Mr. Mike Gapes (Ilford, South)

Will the Foreign Secretary resist calls from the bombers and the "do something" brigade, and calmly consider the situation and the realities? Will he also go back to the Security Council and get it to adopt a more sensible policy in future—not calling for safe areas which are not and never can be safe, but agreeing, before adopting such resolutions in future, the resources necessary to realise them, rather than afterwards hoping that something will turn up?

Mr. Rifkind

Yes, there are times when United Nations resolutions or statements can have a persuasive effect on a course of action, and therefore one recognises that the language used can sometimes be beneficial. I certainly share the hon. Gentleman's anxiety that, if specific commitments are being given by the Security Council, the United Nations or any national Government, they should be given only when there is a clear will and ability to ensure the implementation of such decisions if they should be called upon to do so. That is perhaps where the problem has been most apparent in recent times.

Mr. Barry Porter (Wirral, South)

Many years ago, during a very undistinguished academic career, I wrote a bit of a paper about international relations between the wars, with special reference to the League of Nations. All I can say is that I have a feeling of deja vu at the moment. Is not the reality that we pass these resolutions at the United Nations, the Americans are not keen, the Germans show a distinct lack of enthusiasm, and, to an extent, the whole thing is a waste of time? If we want to be an International Red Cross or a Salvation Army, fine, but that is as far as we can go, and that is the reality.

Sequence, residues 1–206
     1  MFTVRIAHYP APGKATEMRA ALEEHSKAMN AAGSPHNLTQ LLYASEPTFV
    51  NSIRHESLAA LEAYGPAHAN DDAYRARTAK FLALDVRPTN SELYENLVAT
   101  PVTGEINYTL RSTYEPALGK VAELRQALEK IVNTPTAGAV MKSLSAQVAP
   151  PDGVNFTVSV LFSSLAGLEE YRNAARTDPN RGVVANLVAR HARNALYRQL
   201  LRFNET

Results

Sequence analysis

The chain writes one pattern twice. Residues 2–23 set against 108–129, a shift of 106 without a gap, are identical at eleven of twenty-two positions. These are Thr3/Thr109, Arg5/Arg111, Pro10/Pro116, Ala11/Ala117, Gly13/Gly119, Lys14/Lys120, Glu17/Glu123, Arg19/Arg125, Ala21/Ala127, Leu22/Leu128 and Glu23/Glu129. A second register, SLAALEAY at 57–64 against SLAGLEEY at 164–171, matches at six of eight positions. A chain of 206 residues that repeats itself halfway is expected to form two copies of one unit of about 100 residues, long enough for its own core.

Mr. Rifkind

My hon. Friend is right to emphasise the limits of what can be achieved by the United Nations. But if one compares what has been achieved by the United Nations during the past few years with what was achieved between the wars by its predecessor, the League of Nations, one sees that the world has moved on, and that the UN has far more to its credit than the League was ever able to achieve. It may be that there are opportunities yet not fully exploited.

Mr. John Austin-Walker (Woolwich)

I welcome the Foreign Secretary's response to the question by my hon. Friend the Member for Liverpool, West Derby (Mr. Wareing), but earlier he referred continually to the "warring parties". Will he now acknowledge that the legitimate multi-ethnic Government of Bosnia-Herzegovina has consistently shown its willingness to reach a negotiated settlement, whereas the Serbs have not?

Why does the right hon. and learned Gentleman find it surprising that Bosnians in UN safe havens who are totally unprotected should seek to defend themselves? How many of the rapid reaction force, to the deployment of which he has referred, remain in Britain and the home countries that have agreed to send them?

Mr. Rifkind

I think that the hon. Gentleman in the latter part of his question is referring to 24 Airmobile Brigade. We are ready to begin the deployment of that brigade, but we require the agreement of the Croatian authorities, because it is necessary to use the town of Ploce on the coast in order to receive them. Much progress has been made in that area, but some formalities remain to be completed; we hope that they will be completed literally during the next two or three days.

Mr. John Wilkinson (Ruislip-Northwood)

Vulnerability is not of itself a virtue, either for our troops in Gorazde or for the rapid reaction force. If my right hon. and learned Friend and his counterparts from Holland and France want to influence the situation on the ground, they may well have to use the only effective instrument that the alliance possesses, which is its air power. If it is not to be used as a mere pinprick, as a demonstration, it will have to be used in a sustained, concentrated and precise manner; otherwise, the Serbs will simply be goaded to further action. As I said, vulnerability is not a course of action that can be approved by the House.